Microsoft has admitted that a second bug made it into the Windows 10 October 2018 Update that could result in data loss.
The bug deleted files stored in the user's Documents and Pictures folders, resulting in the loss of years' worth of files on some PCs.
Now Microsoft has confirmed the update contains a second flaw that, while more minor than the original, could also lead to data being lost.
SEE: Windows 10 power tips: Secret shortcuts to your favorite settings (Tech Pro Research)
The bug occurs when copying or moving compressed files from a .ZIP folder to a regular or protected folder.
"There is a known issue in the Windows 10 October Update where the consent prompt 'Do you want to replace these files' is missing when copying contents from a .ZIP file," the agent wrote.
"With the Windows 10 October 2018 Update, if you copy or move files from a .ZIP file (without first 'extracting' the contents) in to a new destination folder that contains duplicate filenames or is write-protected, you don't get a 'Do you want to replace these files' prompt. It will appear that the files were overwritten, when in fact the copy action for those files is not executed and files have not been overwritten."
While copying the files from the .ZIP folder will silently fail, cutting and pasting the files from such a folder could "result in unintentionally deleting items that may not be recoverable", the agent said.
If files were lost after being moved from a .ZIP folder, the agent said they should be able to be recovered from the Recycle Bin or from the Temporary File Directory, following the steps outlined here. The agent says a patch for the problem is due in November.
As with the previous file-wiping bug, it appears this new flaw was also reported by a Windows Insider tester months ago in the Microsoft's Feedback Hub.
As TechRepublic's sister site ZDNet points out, this latest bug report was also not picked up by Microsoft during the original round of testing for the October Update, likely due to it only attracting a few upvotes.
Some users of the October Update, known as build 1809, also reported a bug that caused Task Manager to report the incorrect CPU utilization. A subsequent fix for the 1809 build resulted in some HP systems suffering from the Blue Screen of Death due to driver issues, which in turn triggered another update to fix issues with driver compatibility.
In the wake of the October Update rollout being halted, Microsoft has faced calls to slow the pace at which major feature updates are applied to Windows 10 to ensure new releases are more stable. For its part, Microsoft has introduced a way for those testing early builds of the OS under the Windows Insider Program to flag the severity of bugs.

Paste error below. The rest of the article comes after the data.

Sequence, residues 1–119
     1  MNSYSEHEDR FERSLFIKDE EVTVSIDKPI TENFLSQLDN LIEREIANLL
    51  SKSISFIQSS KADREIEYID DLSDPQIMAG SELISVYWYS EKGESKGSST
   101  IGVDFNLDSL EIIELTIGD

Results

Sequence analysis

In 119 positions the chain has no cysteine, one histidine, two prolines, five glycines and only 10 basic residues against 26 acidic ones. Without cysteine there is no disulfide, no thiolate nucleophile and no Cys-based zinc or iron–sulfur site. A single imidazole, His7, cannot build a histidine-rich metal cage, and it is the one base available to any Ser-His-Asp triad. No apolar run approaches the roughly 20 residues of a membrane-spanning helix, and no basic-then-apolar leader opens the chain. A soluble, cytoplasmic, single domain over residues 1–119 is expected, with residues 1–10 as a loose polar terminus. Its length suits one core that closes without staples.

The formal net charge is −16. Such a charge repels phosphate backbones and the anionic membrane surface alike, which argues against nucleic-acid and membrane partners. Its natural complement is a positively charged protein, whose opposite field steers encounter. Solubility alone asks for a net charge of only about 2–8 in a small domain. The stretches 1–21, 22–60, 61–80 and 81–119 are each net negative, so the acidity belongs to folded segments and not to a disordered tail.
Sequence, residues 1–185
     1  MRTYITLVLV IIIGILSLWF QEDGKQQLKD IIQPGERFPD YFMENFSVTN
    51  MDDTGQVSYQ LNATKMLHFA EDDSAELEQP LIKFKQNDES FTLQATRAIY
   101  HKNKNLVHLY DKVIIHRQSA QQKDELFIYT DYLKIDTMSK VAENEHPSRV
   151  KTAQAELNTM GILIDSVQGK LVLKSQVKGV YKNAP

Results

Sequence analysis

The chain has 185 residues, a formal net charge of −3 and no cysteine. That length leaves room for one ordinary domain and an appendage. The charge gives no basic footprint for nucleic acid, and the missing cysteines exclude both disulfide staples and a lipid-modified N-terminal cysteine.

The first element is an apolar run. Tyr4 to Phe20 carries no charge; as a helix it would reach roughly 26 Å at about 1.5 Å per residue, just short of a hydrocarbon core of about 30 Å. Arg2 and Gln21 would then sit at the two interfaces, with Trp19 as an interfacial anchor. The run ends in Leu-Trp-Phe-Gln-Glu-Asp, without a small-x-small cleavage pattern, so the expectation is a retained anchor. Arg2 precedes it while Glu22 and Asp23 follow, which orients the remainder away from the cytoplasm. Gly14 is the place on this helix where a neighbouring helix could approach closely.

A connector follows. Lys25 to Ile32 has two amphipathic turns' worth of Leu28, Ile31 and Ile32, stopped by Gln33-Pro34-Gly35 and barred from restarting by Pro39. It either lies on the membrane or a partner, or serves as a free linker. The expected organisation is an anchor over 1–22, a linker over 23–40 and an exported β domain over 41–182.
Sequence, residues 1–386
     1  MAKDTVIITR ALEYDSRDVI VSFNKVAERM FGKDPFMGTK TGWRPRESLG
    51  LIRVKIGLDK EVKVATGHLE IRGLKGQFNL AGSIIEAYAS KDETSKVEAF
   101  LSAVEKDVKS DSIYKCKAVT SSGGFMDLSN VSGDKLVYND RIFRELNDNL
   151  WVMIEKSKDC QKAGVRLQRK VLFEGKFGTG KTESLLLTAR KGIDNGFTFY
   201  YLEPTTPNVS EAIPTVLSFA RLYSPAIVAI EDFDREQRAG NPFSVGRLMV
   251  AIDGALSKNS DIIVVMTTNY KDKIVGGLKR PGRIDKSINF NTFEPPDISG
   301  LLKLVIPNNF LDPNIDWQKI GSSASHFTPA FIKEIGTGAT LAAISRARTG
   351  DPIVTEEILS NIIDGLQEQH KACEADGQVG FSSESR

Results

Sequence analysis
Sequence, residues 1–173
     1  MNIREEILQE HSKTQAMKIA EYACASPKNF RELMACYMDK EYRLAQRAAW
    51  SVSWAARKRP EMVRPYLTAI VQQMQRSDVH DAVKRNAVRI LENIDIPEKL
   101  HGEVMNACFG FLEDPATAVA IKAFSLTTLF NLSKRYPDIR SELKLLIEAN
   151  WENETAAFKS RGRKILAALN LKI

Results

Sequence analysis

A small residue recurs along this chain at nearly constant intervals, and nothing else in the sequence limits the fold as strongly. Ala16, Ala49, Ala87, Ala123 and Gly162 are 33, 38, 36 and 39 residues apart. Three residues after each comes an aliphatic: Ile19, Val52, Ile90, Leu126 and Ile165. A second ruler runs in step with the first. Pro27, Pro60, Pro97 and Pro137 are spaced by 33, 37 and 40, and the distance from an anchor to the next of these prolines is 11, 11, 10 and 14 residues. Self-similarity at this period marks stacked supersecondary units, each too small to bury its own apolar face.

Microsoft has said it is making progress on fixing bugs in the October update, ahead of resuming its rollout.
The big takeaways for tech leaders:
- Microsoft has confirmed the Windows 10 October 2018 Update suffers from a bug when copying and moving compressed files from .ZIP folders.
- The rollout of the Windows 10 October 2018 Update was halted after six days due to the discovery of a file-wiping bug.
Read more about the Windows 10
- Microsoft halts rollout of Windows 10 October 2018 Update: What happens next? (ZDNet)
- Microsoft pulls Windows 10 October Update (version 1809) (ZDNet)
- Windows 10 October update delete your files? This tool might recover them (ZDNet)
- Windows 10 October update problems: Wiped docs, plus Intel driver warning (ZDNet)
- Windows 10 1809: Microsoft reveals features it's dropping in October 2018 Update
- Top ten features in the Windows 10 October 2018 Update
- Top ten enterprise features in the Windows 10 October Update
- Windows 10 October 2018 Update: How to use cloud clipboard
- Windows 10 October 2018 Update: How to use the new Storage Sense features
- Microsoft begins rolling out Windows 10 October 2018 Update (ZDNet)
- Windows 10 October 2018 Update: How to get it early
- Windows 10 October 2018 Update: How to delay it
- Windows 10 October 2018 Update: The new features that matter most (ZDNet)
Nick Heath is chief reporter for TechRepublic. He writes about the technology that IT decision makers need to know about, and the latest happenings in the European tech scene.